Self-portrait well done, badly done, not done by Robert Filliou

Self-portrait well done, badly done, not done by Robert Filliou
Self-portrait well done, badly done, not done by Robert Filliou
Anonim

The French artist Robert Filliou (1926 – 1987) was above all an iconoclastic creator. A character who left us poetry, photos, videos, performances and also works as unique as this one from 1973 that can be seen at the Reina Sofía Art Center in Madrid.

The title already tells us what the work is about: Self-portrait well done, poorly done, not done. And it is that the word is one of the keys in the production of Filliou. An artist whose titles are very important or even his works are words or poetry that the spectators freely and randomly make up, like the time he exhibited several bicycle wheels in such a way that almost like a roulette wheel of fortune, those attending his exhibition went generating poetry.

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Robert Filliou's Self-Portrait Well Done, Badly Done, Not Done

But let's go back to the work of the Madrid museum. The set is composed in the center of a photograph of the artist wearing a paper cap. And on its sides there is a wooden box that is empty and the back of a canvas with the inscription “artist's portrait” written in French.

The truth is that we do not know which is the well-done portrait or the bad one, and given the inscription, not even which one is not done. As a good representative of the anti-artistic and anti-market movement Fluxus, to which Maciunas and Joseph Beuys also belonged, Filliou played a lot withquestions about good artistic taste or the subject of authorship.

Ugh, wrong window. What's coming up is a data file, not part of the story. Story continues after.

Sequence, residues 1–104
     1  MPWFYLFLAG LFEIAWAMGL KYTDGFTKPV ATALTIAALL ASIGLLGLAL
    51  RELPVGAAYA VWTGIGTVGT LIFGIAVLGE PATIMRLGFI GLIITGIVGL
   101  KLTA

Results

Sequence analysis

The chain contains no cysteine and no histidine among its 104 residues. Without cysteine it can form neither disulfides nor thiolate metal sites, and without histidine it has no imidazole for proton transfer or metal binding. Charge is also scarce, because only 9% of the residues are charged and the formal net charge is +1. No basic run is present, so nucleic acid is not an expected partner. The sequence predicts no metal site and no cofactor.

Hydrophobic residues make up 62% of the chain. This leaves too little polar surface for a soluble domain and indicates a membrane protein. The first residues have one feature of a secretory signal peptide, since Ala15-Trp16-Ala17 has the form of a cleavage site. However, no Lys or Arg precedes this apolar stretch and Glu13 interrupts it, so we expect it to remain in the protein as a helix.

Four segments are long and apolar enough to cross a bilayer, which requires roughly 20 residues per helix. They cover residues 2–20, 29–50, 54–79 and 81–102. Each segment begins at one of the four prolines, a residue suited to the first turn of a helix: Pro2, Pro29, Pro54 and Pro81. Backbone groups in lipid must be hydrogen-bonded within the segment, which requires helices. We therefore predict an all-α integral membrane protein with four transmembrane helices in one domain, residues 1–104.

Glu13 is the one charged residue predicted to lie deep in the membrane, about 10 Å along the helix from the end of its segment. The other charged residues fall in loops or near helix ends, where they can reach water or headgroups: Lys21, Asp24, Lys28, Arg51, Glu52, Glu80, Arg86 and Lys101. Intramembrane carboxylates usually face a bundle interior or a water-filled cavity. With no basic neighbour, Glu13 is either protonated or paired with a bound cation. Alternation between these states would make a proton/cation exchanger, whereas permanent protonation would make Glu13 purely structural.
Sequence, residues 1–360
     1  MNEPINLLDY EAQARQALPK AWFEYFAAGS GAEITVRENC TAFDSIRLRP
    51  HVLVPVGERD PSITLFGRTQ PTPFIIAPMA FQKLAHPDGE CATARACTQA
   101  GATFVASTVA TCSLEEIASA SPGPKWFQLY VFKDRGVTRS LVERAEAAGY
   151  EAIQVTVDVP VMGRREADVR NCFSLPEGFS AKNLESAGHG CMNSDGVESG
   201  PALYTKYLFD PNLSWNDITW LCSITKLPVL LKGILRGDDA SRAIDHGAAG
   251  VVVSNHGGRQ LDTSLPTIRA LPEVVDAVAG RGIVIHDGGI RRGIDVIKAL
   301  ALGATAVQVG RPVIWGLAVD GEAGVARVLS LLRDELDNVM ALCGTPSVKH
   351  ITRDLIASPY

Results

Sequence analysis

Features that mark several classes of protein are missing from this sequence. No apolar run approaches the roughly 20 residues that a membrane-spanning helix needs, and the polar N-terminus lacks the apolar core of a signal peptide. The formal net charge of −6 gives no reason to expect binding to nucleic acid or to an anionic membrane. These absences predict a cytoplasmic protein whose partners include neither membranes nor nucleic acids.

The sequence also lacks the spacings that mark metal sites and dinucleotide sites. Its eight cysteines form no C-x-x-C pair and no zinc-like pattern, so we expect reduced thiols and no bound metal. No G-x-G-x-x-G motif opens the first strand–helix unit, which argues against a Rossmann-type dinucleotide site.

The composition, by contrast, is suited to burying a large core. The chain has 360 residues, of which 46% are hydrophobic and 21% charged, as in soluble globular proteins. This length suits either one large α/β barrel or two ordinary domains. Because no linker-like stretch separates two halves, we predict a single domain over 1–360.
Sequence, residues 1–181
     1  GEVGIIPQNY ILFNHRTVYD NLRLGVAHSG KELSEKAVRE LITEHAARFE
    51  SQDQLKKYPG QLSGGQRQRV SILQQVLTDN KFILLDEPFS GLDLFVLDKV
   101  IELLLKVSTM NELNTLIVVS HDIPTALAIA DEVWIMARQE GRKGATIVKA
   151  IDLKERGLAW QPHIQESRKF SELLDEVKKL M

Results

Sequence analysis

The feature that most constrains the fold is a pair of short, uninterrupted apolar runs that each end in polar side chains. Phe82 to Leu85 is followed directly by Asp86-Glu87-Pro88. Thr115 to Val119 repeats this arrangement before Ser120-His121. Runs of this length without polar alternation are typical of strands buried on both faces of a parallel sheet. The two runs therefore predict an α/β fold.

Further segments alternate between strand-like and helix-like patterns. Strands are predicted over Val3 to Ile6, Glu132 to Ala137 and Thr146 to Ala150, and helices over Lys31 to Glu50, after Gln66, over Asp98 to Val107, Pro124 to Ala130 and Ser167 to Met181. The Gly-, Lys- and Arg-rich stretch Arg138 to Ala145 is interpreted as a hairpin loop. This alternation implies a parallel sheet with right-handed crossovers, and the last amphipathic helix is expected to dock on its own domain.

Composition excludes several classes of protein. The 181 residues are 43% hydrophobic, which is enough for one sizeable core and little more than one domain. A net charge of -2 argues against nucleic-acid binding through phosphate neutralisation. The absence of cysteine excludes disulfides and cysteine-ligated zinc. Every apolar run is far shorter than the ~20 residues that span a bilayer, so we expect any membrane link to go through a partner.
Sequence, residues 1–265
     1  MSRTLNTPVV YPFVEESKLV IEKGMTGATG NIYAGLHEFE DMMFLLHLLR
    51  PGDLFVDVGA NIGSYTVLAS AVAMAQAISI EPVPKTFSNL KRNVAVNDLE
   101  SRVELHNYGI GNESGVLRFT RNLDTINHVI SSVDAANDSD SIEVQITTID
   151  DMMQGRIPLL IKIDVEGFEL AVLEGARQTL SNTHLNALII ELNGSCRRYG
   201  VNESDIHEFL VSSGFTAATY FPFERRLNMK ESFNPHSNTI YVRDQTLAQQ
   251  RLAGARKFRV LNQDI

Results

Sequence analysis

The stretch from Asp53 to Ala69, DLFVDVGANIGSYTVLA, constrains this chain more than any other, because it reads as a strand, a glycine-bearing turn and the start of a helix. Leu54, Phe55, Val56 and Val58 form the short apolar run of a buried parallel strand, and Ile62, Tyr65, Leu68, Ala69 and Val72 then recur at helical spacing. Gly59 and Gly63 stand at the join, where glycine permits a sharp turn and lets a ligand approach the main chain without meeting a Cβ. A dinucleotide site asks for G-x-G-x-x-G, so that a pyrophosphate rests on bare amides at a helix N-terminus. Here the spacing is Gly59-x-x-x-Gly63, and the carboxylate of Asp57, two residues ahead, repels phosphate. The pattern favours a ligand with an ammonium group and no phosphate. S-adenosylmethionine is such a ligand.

His mere photographic image with such a paper cap can be aligned with the icon of a puppet and false authority, and even with a madman. It is clear that he mocks the concept of the artist as teacher, and at the same time mocks the established approaches that distinguish between a well-made art and another that is poorly made. To which he adds unmade art, another category with which he poses the idea of ​​dematerializing art, forgetting the most traditional artistic supports and linking creation with performances.

Somehow this composite image can only be understood by knowing the artistic ideology of Filliou, which advocated Permanent Creation. He considered that art unfolded in any field and at any time, even in the simplest things. An approach that involved the renewal of art, criticism of the traditional, both in its forms and in its production and sale methods. That yes, behind all that attempt to blow up the concept of art as it was known, there was always an immense load of humor. Something that distills this emblematic work.

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